DDB NZ’s Damon Stapleton and Shane Bradnick prove that a nimble agency in a small market has the freedom to be more creative and push the industry forward.

Lemon2020

Issue 60: DDB New Zealand

Punch Above Your Weight

It may be small, but the New Zealand market certainly packs a creative punch.  The country ranked sixth at Cannes this year and DDB New Zealand continues to be among the best, ranking #1 on Campaign Brief and named Campaign Magazine’s Best Digital Agency in Australia and New Zealand.  Having ideas is not the hard part, according to CCO Damon Stapleton, caring about them is. The belief in the power of ideas and persistence to craft the impossible is evident in their work. Damon Stapleton and ECD Shane Bradnick reunited at DDB New Zealand in early 2014. Here they provide a glimpse into how a small market agency consistently competes on the world-class stage.

You guys had worked together before joining forces again at DDB New Zealand. Is it sweeter the second time around?

Damon Stapleton: Not only is it sweeter, our salaries are far higher. When we started I carried a bag of spark plugs with me at all times because my car was stuffed and Shane used to wear Scrubs from a hospital because they were the cheapest clothes he could buy.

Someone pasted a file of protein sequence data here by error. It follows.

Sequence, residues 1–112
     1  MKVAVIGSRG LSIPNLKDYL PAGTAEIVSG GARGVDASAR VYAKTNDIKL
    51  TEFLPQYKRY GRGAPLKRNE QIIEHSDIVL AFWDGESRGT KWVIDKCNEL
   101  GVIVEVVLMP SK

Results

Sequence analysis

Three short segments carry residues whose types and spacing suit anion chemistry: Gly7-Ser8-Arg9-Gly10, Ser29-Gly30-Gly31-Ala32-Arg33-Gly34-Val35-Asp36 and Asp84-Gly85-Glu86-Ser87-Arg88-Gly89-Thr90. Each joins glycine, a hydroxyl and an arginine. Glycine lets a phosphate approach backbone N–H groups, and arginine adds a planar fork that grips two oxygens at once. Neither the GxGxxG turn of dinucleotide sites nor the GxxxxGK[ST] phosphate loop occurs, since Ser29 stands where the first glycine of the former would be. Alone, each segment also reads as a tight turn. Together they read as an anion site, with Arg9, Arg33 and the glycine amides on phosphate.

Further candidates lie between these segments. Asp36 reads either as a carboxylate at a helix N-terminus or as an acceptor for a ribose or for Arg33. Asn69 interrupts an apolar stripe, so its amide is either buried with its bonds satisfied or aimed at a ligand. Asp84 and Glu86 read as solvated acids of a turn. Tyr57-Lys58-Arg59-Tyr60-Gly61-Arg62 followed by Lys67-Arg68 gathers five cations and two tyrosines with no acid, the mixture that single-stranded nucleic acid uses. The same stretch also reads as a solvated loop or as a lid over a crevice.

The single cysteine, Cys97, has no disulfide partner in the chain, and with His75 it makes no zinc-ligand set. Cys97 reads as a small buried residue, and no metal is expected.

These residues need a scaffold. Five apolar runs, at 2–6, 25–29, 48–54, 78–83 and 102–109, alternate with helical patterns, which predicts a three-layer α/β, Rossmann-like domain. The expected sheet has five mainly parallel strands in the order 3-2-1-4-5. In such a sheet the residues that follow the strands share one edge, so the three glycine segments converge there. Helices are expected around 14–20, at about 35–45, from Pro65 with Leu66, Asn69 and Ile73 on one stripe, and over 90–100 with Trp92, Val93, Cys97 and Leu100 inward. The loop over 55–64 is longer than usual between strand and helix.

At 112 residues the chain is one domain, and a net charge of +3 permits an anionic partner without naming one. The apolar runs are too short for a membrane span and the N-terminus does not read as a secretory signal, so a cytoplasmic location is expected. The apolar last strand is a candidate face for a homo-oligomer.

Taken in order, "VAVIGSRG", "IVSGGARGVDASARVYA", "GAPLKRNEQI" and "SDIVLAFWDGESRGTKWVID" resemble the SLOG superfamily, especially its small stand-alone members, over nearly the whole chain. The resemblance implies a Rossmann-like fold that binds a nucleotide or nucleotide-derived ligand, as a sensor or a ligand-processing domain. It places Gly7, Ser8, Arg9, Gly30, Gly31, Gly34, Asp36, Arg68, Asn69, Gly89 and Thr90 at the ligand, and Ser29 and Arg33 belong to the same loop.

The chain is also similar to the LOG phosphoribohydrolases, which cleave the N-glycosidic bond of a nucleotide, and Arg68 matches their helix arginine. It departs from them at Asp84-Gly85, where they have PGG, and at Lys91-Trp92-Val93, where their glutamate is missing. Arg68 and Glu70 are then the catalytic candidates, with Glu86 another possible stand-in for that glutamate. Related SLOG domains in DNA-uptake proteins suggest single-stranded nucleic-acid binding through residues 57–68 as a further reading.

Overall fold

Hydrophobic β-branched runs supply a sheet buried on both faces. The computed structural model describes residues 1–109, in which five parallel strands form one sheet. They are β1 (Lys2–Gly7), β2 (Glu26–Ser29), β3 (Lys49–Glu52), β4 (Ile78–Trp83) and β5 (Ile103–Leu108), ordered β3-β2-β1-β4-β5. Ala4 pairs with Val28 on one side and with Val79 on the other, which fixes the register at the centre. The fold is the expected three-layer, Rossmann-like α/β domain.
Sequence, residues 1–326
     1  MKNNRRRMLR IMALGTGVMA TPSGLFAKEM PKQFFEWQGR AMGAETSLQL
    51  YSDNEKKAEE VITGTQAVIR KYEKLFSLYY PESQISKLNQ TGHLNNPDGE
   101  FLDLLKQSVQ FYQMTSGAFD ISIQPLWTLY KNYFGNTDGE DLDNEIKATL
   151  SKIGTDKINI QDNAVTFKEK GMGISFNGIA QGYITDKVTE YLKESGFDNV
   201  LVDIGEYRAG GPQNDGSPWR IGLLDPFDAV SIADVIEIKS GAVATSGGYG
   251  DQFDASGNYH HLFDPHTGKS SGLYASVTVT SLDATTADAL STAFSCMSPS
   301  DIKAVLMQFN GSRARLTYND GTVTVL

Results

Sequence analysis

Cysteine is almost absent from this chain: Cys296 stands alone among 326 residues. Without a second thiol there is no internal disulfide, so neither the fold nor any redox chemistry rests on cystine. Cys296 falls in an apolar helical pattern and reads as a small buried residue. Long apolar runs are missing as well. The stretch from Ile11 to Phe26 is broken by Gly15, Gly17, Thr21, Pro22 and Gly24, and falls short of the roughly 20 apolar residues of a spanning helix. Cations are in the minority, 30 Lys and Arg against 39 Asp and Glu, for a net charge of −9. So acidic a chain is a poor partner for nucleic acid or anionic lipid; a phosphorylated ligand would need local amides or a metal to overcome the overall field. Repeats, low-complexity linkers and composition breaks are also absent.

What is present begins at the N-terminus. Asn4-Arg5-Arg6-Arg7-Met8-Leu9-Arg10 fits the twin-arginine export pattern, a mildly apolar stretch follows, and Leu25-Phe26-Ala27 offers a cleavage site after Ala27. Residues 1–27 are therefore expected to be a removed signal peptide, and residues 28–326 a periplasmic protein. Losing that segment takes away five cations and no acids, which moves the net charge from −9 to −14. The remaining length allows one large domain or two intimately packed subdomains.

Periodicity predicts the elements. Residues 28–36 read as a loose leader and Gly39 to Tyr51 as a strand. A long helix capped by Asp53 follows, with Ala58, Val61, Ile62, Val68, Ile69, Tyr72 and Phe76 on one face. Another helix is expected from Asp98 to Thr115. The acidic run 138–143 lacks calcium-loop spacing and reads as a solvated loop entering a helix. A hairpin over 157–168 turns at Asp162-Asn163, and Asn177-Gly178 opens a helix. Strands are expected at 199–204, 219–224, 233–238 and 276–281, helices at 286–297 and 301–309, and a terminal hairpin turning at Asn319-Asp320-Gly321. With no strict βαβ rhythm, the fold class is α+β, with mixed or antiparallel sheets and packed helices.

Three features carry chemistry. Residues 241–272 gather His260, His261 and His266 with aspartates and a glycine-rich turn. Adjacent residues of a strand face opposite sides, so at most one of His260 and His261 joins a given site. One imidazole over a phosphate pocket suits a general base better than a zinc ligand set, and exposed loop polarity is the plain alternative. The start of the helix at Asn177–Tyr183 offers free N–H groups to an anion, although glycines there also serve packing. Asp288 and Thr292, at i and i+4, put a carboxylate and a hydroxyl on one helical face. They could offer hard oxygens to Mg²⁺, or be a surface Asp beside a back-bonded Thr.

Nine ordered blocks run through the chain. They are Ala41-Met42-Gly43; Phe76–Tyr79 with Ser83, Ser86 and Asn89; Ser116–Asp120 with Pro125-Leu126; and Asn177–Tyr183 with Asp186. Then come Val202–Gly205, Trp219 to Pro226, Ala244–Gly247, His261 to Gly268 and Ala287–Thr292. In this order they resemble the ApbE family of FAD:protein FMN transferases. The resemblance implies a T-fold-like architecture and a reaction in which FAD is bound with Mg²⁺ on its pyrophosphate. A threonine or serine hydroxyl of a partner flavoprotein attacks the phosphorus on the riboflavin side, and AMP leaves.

Has your past experience had an impact on your approach to the work today and the way you lead your creatives?

Shane Bradnick: Both our careers have often been about doing a lot with very little. So we always look for the best idea because that cuts through than just money.  And this is also what we try to inspire our creatives to do.

Damon, you were born in Australia and Shane, you’re South African, and you’ve both worked in both of those countries prior to coming to New Zealand.  What makes these markets stand out?

DS: I think what is unique about New Zealand and South Africa is the audience demands more from their advertising. They want to be entertained not just informed. From a New Zealand perspective, the simple answer is speed. There is less red tape, more bravery and a strong desire from a country of only 4.5 million people to make world-class work. These ingredients make a very special creative place.

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